On the 27th June, Google and its parent company Alphabet were hit with a fine by the European Commission. This fine came to the not inconsiderable sum of €2.4 billion (approx. £2.1 billion, or 21 DUP MPs). Despite the massive numbers floating around, the figure only accounted for around 2% of Google’s revenue last year.
The Commission claimed that Google has acted in an illegal manner, by providing priority placement in search results to its own search results, while rival brands were relegated to lower prominence (resulting in lowered visibility, views, and ultimately clicks).
Below is a SERP for the keyword ‘shoes’, which is searched for some 2 million times a year by google.co.uk users. As you can see, anyone who searches this term is served with products and content via the Google Shopping service, before they receive visibility on regular search results.
Antitrust official, and European Commissioner for Competition, Margarethe Vestager provided a statement along with the commission’s verdict, saying “What Google has done is illegal under EU antitrust rules. It denied other companies the chance to compete on the merits and to innovate. And most importantly, it denied European consumers a genuine choice of services and the full benefits of innovation.”
Google is likely to appeal the decision, despite regulators claiming there will be follow-up sanctions if no actions are taken within the following 90 days.
What is interesting about this case, and how it may affect Google’s operations goes beyond a measly billion or two lost in fines. The idea of Google as a service, and Google as a product are two ideas that often work against one another. On the one-hand the concept of Google Search is to serve users with the most-relevant – or ‘best’ – content. And it can be assumed by casual users that any search is beholden to this ideal.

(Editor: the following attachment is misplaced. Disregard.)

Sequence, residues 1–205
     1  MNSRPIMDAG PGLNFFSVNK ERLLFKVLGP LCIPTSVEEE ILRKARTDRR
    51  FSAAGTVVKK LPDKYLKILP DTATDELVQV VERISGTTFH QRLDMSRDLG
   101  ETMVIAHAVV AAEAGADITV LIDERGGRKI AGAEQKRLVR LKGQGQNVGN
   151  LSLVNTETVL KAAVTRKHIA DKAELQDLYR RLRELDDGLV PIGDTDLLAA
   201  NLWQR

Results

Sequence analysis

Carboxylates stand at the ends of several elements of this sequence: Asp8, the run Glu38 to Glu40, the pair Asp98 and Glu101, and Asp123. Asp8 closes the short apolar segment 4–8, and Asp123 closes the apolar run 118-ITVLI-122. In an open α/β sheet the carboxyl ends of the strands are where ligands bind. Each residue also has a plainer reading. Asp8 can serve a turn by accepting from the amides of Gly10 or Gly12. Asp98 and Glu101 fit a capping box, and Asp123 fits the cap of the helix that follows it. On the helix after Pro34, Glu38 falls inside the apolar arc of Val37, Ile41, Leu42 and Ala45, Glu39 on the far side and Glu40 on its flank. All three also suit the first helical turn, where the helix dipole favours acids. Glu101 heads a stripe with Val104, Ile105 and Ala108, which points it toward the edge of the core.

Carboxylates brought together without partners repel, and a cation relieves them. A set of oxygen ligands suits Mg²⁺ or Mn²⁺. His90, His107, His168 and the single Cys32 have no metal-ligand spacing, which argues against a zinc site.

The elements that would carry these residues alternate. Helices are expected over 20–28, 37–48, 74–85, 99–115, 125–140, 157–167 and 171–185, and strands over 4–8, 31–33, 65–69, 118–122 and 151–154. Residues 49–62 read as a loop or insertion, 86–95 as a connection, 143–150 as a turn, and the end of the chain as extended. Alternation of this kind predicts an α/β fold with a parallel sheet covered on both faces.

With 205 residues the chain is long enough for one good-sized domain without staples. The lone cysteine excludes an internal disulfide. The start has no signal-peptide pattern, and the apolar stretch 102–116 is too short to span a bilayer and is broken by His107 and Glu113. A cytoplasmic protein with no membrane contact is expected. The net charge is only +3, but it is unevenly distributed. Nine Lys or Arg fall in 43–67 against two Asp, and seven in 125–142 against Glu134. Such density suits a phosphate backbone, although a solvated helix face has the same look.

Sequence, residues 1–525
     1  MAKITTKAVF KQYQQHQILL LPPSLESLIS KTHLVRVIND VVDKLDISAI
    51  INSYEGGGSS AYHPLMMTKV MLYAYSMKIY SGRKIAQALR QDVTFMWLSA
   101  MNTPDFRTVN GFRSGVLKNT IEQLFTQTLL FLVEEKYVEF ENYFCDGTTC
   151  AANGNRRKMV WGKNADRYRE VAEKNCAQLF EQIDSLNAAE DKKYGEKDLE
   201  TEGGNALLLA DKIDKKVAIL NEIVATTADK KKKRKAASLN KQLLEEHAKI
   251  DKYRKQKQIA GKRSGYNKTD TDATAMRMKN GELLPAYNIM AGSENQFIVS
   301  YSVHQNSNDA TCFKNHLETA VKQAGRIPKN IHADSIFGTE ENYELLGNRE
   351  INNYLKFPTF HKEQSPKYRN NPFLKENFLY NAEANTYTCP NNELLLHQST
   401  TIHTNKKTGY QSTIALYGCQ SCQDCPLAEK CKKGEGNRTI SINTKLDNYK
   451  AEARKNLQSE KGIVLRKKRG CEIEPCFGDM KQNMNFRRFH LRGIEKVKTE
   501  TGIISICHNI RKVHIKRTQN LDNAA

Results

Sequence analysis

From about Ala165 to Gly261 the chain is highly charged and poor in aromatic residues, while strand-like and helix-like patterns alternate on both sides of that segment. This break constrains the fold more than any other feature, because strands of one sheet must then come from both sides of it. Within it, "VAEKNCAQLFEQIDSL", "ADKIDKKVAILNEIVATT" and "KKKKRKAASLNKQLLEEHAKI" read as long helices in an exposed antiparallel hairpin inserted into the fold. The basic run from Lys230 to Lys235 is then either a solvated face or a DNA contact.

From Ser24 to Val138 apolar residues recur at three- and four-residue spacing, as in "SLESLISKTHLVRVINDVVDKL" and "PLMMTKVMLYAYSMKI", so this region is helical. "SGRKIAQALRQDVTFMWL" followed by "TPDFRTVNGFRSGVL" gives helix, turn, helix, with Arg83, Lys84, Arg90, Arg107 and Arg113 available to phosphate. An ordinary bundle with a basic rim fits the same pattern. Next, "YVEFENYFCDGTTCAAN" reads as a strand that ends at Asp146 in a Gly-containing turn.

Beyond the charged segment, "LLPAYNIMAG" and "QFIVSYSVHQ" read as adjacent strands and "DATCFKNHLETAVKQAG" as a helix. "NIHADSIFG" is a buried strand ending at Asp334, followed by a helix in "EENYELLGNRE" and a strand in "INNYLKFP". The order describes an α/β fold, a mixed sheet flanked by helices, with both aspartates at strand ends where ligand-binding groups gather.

However, in practice, as in the above ‘shoes’ example – users are not served with the best or most relevant content, they are served with the Google Shopping Service and the brands that are most willing to pay their world to the top. For the casual users, under the façade of seeing a ‘most correct’ result – they are being given answers to their questions by those who spend the most.
With a global market share of approximately 80%, it is hard to argue with Google’s monopolisation of Search. And it is hard to argue that this allows them massive influence on the way users see the digital-first world around them. If Google doesn’t want a company to be seen, it won’t appear to customers shopping on the world’s largest marketplace. This is a sentiment echoed by Vestager. “Today’s decision is a precedent, a precedent that can be used as a framework to analyse such conduct.”
Why the ramifications of this are potentially massive is because Google Shopping Services isn’t the only Google feature which uses this Google-product-first-and-then-companies-who-don’t-pay mentality to standard search queries.
The travel vertical is consistently ranked amongst the biggest search verticals, and in recent years Google has had a notable influence via the Google Flights product. By taking a popular search term such as ‘flights to New York’ (approx. 900k searches a year), it appears that Google services have much larger prominence than any organic, non-paid result. Especially in a mobile-first landscape, users are unlikely to ever see the results of a brand like Travel Supermarket, never mind the thousands of other companies who operate which the European Commission claim is ‘anti-competitive’.
So while Google Shopping is the first source of contention between Google and the European Commission’s idea of a ‘level playing field’ it’s unlikely to be the last. Finance, News, Local Search are all fields where Google is allegedly giving priority to certain brands.
And despite Google sticking to the concept that all they do is supply users with products in a quick and easy fashion, it is likely that a change is going to come.